Sunday, June 05, 2022

Dancing with Death, and more cheerful things

"The Dance of Death is August Strindberg’s landmark drama about a marriage pushed to its limits," explains the promotion for the current productionadapted by Rebecca Lenkiewic, at Bath's Ustinov theatreOn a small island, an irrational tyrannical army captain controls his gloomy wife who regrets giving up her dramatic career, both snarling at the other but somehow feeding off this enough to survive. They are joined after a while by the wife's cousin but there’s no real shift in the unpleasant dynamic: it’s like Waiting for Godot without the subtlety or humour.  
Hilton McRae is powerful as the appalling husband; Lindsay Duncan as the appalling wife is more stagey, frittering sympathy by being generally annoying, while the cousin (Grainne Dromgoole) doesn't have much of a role except as a butt for their vindictive games. The set (by Grace Smart) 
is just that, a set. Changes  to the original play (the gender of the visitor, the repeatedly shouted expletives) seem repellent without resonance and the tone remains level throughout despite accelerating mini-dramas, with a sense of hopeless despair over the entire proceedings.  In short, this is a story of rage and recrimination, irreparably damaged relationships, mistrust and self-inflicted chaos. A story for our times.  photos Alex Brenner

It's always a pleasure and a privilege to be invited to join Eleanor Talbot on her weekly online programme Variations on a Theme and this week's upbeat show features the new-out poetry-&-pictures compilation from Caldew Press, words by me & Hazel Stewart and images from Mel Day. This image is her show's promo: us performing as Live & Lippy back in the day, and us on a weekend trip to Lille a couple of years ago, plus our book covers and launch promo. Her interview starts around 29 minutes into the show. As well as recording us reading some of her favourite solo pieces, Ellie has cleverly managed to create one of our shared poems - What's it like for you? - by splicing our recordings - and also included the soundtrack of one of the videos of us made by Howard Vause - you can view Onomatopoeia here, it's currently registering 8,910 views. Howard also made a great little vid of the poem that's (one of) the title(s) of this odd little volume - online here. It's one of my favourites.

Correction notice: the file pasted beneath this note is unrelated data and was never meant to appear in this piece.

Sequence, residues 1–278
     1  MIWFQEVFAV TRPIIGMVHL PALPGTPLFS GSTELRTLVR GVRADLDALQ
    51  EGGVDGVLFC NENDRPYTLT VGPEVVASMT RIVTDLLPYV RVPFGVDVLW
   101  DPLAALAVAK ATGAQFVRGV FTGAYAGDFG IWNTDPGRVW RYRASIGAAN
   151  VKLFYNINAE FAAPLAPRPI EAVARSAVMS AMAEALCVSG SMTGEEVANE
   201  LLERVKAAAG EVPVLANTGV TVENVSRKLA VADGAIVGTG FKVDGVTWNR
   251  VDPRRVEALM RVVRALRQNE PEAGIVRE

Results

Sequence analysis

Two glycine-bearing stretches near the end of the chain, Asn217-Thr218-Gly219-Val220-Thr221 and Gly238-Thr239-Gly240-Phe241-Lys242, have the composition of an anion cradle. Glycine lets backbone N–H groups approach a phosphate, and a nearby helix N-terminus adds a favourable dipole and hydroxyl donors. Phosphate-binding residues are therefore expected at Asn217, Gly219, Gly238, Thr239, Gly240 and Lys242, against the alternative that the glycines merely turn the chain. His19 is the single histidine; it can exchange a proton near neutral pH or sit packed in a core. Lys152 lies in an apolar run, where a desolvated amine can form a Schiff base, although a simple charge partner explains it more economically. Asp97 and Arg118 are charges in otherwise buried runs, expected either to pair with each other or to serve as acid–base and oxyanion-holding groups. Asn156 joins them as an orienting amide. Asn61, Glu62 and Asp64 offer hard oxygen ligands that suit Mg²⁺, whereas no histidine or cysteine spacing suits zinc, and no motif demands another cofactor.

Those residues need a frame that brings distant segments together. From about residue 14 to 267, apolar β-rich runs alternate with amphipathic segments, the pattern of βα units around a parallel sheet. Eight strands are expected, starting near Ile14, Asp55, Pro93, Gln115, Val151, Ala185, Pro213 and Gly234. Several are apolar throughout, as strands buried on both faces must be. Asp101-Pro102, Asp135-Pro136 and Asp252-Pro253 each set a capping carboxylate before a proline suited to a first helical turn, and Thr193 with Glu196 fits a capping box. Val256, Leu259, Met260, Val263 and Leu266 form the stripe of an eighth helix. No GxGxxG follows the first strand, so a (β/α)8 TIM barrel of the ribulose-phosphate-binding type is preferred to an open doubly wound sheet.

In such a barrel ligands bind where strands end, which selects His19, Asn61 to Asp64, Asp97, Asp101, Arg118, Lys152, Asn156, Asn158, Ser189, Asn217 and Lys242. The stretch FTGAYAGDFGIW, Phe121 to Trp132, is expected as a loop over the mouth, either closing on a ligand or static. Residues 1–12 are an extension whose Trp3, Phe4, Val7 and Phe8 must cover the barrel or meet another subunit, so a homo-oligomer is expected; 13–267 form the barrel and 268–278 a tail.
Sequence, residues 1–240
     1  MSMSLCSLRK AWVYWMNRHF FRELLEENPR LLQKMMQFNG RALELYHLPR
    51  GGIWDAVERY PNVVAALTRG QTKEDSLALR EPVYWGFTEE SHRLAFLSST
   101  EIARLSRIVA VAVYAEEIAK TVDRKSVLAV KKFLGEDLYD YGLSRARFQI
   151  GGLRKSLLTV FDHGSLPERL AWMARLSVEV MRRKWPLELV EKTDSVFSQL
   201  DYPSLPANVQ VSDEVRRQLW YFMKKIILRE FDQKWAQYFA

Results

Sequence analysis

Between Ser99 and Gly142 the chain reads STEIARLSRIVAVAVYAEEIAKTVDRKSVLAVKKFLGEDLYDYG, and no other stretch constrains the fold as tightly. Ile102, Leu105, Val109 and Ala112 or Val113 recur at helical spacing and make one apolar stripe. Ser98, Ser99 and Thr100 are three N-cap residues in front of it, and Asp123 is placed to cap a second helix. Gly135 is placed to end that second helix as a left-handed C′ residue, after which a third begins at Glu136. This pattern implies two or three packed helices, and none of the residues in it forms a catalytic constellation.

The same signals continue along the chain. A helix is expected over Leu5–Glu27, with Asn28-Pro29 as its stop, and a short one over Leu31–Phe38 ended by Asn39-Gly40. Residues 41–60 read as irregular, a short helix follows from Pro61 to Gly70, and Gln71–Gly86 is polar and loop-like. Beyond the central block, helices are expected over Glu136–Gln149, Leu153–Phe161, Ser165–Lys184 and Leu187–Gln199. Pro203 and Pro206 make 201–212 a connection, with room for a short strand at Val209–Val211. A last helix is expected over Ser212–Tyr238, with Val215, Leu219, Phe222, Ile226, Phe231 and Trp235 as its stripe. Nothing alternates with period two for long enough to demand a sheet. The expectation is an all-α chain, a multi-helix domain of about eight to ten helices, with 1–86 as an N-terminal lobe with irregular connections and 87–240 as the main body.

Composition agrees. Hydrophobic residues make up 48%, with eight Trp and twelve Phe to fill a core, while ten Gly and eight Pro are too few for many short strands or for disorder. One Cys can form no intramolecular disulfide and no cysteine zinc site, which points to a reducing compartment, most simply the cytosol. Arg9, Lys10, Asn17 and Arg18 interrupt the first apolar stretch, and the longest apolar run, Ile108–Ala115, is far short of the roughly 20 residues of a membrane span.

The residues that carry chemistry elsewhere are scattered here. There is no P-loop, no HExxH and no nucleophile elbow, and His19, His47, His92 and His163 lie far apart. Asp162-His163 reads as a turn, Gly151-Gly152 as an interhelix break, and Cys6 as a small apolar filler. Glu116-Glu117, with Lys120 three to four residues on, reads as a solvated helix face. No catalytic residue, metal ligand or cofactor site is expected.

Black Swan Arts enjoyed a double opening on Friday, with Lucinda Burgess' exhibition On Repetition in the Long Gallery, and the Frome Creatives in the Round Tower.  Lucinda was a garden designer for many years and feels this has significantly informed her interest in materials that appear to change form, sometimes over time as with rusting metal, but also in different viewing conditions - as with poles viewed side-on.
In contrast to these thought-provoking large-scale pieces, the Frome Creatives have filled their exhibition area with a huge diversity of work of an extremely high standard - paintings and prints, photographs, ceramics, fabric creations and artefacts in every kind of media - a busy, friendly launch with much chat and bowls of chocolates. Postcards & cards available - recommended.
Music now, and a folksy vibe from Bama Mine from Bristol at Bar Lotte eon Wednesday. The monthly Independent Market survived, just about, the weekend rain, and provided some excellent performers on the Band Stage, including the trio Cura -who will be performing on this year's Farmfest. Sunday evening at The Cornerhouse put on its monthly jazz jam with the usual performers - here's Simon with singer Nicola Maskall, and Dave Wallace on bass.  
Ending this June medley with some out-and-about-this-week images: walking to Mells along the river, and a preview of three novels by Frome writers (to be featured later) displayed in Hunting Raven Books

and the roses in my garden. Just because...

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